Benefits Outweigh Risks as FDA Inspects CAR-T Cell Therapy-Related Cancer

Note: This is a developing story. Check back later on to read more.

The Food and Drug Administration (FDA) recently announced that it received reports of T-cell malignancies — including CAR-positive lymphoma — in patients who have been treated with BCMA- or CD-19-directed autologous CAR-T cell therapies.

CAR-T cell therapy is a type of treatment that engineers patients’ immune systems to fight cancer.

Autologous CAR-T cell therapy is a new and oftentimes curative approach for certain types of blood cancers. The treatment involves extracting a patient’s immune T cells, re-engineering them to find and fight cancer, growing the number of engineered cells and then infusing the T cells back into the body.

READ MORE: What Is CAR-T Cell Therapy, and What Can Patients With Cancer Expect?

The first CAR-T cell therapy was approved in August 2017, and since then, the treatment modality has been touted as a “one-and-done” and potentially curative option for certain types of blood cancers.

However, now the FDA is stating that data from clinical trials and/or postmarketing side effect data sources are showing that a small number of patients who underwent this type of treatment were diagnosed with secondary T-cell malignancies, which are diseases of the immune T cells.

In a Nov. 28, 2023, statement, the FDA wrote, “Although the overall benefits of these products continue to outweigh their potential risks for their approved uses, FDA is investigating the identified risk of T cell malignancy with serious outcomes, including hospitalization and death, and is evaluating the need for regulatory action.”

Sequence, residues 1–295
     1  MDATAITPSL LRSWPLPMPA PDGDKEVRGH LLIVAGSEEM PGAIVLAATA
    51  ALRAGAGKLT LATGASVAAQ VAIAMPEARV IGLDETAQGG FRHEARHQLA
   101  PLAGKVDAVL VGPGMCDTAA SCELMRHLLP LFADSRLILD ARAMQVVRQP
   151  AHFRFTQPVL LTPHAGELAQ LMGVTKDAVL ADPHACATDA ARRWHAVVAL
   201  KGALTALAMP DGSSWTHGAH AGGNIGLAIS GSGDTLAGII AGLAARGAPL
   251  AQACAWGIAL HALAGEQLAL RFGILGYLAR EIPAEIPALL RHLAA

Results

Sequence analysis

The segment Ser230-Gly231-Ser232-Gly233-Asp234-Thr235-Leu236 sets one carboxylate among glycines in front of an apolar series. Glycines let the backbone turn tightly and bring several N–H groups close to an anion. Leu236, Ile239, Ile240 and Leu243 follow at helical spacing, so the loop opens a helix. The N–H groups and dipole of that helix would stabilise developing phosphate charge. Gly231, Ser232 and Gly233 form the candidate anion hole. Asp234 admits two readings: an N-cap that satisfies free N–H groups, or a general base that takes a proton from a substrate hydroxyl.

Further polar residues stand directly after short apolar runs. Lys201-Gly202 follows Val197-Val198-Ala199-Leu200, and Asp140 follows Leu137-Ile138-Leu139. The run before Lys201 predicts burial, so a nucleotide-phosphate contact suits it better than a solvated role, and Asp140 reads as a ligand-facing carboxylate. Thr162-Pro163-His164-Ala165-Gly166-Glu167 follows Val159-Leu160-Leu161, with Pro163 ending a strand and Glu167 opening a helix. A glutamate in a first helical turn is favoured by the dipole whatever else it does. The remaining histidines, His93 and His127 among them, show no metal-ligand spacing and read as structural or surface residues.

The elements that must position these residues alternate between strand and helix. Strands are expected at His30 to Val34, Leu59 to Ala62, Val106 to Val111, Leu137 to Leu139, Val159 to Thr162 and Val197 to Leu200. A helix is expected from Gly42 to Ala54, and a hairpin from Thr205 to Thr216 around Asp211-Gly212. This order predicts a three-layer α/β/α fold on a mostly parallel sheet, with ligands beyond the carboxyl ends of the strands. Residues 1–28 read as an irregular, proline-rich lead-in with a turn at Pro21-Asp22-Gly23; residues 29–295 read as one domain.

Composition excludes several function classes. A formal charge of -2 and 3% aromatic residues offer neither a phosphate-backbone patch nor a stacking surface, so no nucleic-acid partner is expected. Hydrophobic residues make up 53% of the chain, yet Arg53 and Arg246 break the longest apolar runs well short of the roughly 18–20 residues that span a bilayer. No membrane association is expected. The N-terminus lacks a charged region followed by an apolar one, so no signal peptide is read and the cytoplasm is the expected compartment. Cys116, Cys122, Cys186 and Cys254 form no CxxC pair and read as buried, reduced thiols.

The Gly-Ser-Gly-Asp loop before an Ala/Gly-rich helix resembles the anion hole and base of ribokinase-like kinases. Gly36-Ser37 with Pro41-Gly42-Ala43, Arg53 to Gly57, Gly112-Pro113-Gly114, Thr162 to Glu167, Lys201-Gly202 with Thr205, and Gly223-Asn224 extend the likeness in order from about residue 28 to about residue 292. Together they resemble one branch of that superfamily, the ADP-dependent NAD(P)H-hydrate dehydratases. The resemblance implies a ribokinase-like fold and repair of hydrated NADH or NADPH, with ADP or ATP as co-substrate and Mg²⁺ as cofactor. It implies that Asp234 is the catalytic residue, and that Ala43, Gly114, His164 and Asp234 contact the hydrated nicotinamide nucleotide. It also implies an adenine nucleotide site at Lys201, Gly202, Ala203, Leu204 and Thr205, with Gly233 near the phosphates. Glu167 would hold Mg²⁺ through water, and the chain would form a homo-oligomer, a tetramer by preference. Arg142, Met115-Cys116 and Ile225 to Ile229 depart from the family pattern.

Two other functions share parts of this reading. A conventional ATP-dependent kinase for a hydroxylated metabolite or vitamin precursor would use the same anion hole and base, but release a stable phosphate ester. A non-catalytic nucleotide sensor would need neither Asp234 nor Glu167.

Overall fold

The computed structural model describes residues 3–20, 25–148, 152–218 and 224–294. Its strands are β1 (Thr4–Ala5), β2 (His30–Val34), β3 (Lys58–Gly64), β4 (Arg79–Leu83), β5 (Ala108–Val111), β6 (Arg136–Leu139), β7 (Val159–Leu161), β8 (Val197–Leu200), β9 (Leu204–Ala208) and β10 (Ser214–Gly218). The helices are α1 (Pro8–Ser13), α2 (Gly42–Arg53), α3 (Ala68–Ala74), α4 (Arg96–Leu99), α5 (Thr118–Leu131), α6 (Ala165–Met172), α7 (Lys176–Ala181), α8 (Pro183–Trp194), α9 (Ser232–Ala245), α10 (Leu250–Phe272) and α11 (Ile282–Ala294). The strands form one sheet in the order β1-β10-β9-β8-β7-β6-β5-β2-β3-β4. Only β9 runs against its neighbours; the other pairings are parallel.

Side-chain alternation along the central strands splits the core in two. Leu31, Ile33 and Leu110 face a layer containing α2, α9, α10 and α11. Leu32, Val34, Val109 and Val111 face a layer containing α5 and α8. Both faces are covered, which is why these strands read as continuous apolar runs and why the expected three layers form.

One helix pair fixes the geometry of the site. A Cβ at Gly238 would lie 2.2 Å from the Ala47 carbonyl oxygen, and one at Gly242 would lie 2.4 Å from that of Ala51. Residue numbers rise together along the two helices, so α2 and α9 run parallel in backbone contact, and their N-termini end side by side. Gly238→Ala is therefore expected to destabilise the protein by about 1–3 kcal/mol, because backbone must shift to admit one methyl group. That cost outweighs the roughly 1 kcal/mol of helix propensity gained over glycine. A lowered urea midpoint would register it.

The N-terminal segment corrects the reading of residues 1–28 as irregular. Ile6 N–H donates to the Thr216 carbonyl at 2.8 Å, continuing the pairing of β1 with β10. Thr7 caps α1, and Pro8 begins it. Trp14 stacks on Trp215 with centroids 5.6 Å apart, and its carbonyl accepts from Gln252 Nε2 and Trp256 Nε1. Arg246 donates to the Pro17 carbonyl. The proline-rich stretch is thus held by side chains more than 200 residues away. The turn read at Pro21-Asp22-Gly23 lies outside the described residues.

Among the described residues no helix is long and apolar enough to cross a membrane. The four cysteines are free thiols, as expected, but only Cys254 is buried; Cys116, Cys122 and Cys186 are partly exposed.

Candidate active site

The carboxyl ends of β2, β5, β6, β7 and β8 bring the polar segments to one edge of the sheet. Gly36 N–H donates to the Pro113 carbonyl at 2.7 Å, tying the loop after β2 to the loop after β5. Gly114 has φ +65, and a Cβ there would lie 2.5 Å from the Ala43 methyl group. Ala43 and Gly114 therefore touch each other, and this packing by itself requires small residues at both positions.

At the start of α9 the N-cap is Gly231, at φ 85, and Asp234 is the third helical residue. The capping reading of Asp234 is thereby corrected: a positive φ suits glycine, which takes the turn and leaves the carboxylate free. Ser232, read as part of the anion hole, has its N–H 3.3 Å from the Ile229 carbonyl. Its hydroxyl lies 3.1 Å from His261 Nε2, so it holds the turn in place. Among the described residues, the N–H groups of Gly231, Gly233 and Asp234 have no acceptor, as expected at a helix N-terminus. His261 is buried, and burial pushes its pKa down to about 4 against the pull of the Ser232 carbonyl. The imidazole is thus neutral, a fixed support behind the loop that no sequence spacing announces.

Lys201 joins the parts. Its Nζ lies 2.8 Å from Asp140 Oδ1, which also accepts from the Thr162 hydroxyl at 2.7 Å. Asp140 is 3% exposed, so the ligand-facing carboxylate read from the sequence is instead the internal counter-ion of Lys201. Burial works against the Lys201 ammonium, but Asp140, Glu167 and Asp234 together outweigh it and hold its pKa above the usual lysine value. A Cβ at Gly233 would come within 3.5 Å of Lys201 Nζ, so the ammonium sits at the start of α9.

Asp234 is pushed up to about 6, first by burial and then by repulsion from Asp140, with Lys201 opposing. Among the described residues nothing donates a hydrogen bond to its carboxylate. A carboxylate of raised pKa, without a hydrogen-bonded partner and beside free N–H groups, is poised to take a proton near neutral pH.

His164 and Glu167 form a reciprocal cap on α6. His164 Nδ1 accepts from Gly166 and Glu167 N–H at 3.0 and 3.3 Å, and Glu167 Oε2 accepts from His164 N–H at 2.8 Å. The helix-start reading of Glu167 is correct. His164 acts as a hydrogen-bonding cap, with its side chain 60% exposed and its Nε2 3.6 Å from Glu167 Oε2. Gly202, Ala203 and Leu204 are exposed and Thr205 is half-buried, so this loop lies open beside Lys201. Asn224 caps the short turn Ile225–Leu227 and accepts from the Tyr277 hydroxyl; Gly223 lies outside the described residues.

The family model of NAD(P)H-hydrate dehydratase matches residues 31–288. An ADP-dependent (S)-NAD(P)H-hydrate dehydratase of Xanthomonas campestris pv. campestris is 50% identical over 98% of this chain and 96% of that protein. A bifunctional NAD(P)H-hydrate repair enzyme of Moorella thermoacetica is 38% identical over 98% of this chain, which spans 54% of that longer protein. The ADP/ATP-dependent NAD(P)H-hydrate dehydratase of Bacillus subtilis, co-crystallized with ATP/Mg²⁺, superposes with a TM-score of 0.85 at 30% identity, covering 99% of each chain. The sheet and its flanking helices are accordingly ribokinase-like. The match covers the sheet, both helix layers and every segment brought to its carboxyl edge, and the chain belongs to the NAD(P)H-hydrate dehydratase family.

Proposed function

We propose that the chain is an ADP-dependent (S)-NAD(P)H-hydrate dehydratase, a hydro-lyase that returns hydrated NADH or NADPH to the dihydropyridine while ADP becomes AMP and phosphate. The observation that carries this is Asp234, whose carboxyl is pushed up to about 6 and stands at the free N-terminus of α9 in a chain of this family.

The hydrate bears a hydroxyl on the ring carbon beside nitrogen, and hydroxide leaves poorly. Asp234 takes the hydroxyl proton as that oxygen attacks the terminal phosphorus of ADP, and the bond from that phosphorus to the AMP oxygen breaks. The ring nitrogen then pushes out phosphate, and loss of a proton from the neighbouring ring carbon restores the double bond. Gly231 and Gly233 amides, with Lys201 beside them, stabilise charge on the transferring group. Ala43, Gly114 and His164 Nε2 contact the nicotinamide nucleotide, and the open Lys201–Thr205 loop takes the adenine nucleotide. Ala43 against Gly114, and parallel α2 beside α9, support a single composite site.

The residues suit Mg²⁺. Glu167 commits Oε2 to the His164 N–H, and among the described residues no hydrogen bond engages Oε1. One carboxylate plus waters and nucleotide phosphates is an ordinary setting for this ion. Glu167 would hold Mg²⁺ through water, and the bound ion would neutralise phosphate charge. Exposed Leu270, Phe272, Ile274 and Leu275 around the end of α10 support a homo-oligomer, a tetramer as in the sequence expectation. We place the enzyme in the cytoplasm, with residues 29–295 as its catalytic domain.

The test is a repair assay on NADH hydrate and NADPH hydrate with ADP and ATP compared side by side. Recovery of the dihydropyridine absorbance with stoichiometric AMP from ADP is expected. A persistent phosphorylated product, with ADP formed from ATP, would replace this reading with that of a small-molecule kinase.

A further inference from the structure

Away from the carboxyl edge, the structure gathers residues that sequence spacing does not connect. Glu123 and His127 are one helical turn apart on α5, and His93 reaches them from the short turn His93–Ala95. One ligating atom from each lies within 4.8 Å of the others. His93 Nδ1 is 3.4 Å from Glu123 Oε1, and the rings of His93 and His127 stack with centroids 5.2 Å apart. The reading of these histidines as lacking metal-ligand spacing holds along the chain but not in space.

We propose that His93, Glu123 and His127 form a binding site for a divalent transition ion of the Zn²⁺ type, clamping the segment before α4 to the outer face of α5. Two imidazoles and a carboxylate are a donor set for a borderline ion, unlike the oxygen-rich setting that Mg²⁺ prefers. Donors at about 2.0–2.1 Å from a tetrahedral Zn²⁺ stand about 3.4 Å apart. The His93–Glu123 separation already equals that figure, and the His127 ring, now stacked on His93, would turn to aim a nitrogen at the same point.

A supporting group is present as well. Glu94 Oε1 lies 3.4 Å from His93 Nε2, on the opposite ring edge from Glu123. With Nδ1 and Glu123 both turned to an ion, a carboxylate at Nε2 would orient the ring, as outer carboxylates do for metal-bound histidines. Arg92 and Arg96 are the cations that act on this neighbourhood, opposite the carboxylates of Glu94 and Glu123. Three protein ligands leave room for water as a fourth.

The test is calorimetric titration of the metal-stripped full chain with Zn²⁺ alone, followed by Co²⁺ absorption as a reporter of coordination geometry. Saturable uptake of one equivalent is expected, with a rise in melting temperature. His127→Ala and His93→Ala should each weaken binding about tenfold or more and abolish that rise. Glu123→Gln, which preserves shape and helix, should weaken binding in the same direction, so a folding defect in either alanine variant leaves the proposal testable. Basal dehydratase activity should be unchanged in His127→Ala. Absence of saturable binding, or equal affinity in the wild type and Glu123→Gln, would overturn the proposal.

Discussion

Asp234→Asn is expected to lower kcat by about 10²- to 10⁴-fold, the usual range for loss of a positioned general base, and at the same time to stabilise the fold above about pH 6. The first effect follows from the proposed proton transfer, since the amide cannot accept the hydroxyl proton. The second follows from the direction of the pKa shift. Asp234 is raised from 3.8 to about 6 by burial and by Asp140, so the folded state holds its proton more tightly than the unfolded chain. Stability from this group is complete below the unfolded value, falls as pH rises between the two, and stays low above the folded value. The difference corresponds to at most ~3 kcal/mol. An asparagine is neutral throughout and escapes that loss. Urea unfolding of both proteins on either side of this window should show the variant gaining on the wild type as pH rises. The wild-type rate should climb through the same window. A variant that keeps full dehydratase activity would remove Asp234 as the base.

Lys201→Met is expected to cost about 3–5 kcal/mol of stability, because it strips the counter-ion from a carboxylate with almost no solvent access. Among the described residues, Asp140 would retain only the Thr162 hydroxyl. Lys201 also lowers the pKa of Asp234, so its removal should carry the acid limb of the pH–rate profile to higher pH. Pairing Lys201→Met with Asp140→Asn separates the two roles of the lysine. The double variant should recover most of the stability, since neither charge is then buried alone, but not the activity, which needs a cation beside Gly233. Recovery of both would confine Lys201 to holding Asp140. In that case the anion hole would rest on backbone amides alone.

Clinicians Comment on T-Cell Malignancy Risk from CAR-T Cell Therapy

Since the statement, experts have been commenting on the news via social media.

“I have treated hundreds of patients with CAR-T cell therapy: all had a life-threatening cancer, and many have been cured. A few cases of a possible side effect are important and should be further studied, but the benefits far outweigh the potential risk,” Dr. Jason Westin, professor, Director of Clinical Research and Section Chief of Aggressive Lymphoma at The University of Texas MD Anderson Cancer Center in Houston, said on X (formerly known as Twitter).

Another expert, Dr. Rahul Banerjee, assistant professor at UW Medicine Fred Hutch Cancer Center, who specializes in bone marrow and blood stem cell transplantation and cellular immunotherapies for blood cancers, said that he will not be changing his treatment of patients until the FDA publishes more data on the incidence of secondary T-cell malignancies, stating that CAR-T cell therapy has already saved thousands of lives.

Cancer-Causing Cancer Treatments Is Not a New Phenomena

Banerjee also mentioned on X that other blood cancer treatments also carry a risk for T-cell lymphomas.

“Unfortunately, the risk of T-cell lymphoma from prior (Revlimid [lenalidomide]), prior (autologous stem cell transplant), prior (Bendeka [bendamustine]), is very real with or without CAR-T. (There were) no case controls here…”

This is not the first instance of oncology treatments potentially causing other cancer diagnoses. The National Cancer Institute reported that nearly 20% of cancers diagnosed occur in people with a previous cancer history — and some of those diagnoses are a result of their prior treatment with modalities such as radiation or certain hormone therapies.

READ MORE:What Happens When a Patient Develops a Secondary Cancer Years After Undergoing Treatment?

Next Steps for CAR-T Cell Therapy-Related Cancers

There are currently six FDA-approved CAR-T cell therapies that are directed at either BCMA or CD19, both proteins that contribute to cancer cell growth:

The initial approvals of all these drugs included requirements per the Federal Food, Drug and Cosmetic Act to conduct 15-year follow-up studies assessing the safety and risk of secondary diseases that may occur after treatment. Now, the FDA is also stating that patients who received CAR-T cell therapy — be it in clinical trials or in the traditional cancer treatment setting — should undergo lifelong monitoring for new malignancies.

The agency wrote, “In the event that a new malignancy occurs following treatment with these products, contact the manufacturer to report the event and obtain instructions on collection of patient samples for testing for the presence of the Chimeric Antigen Receptor (CAR) transgene.”

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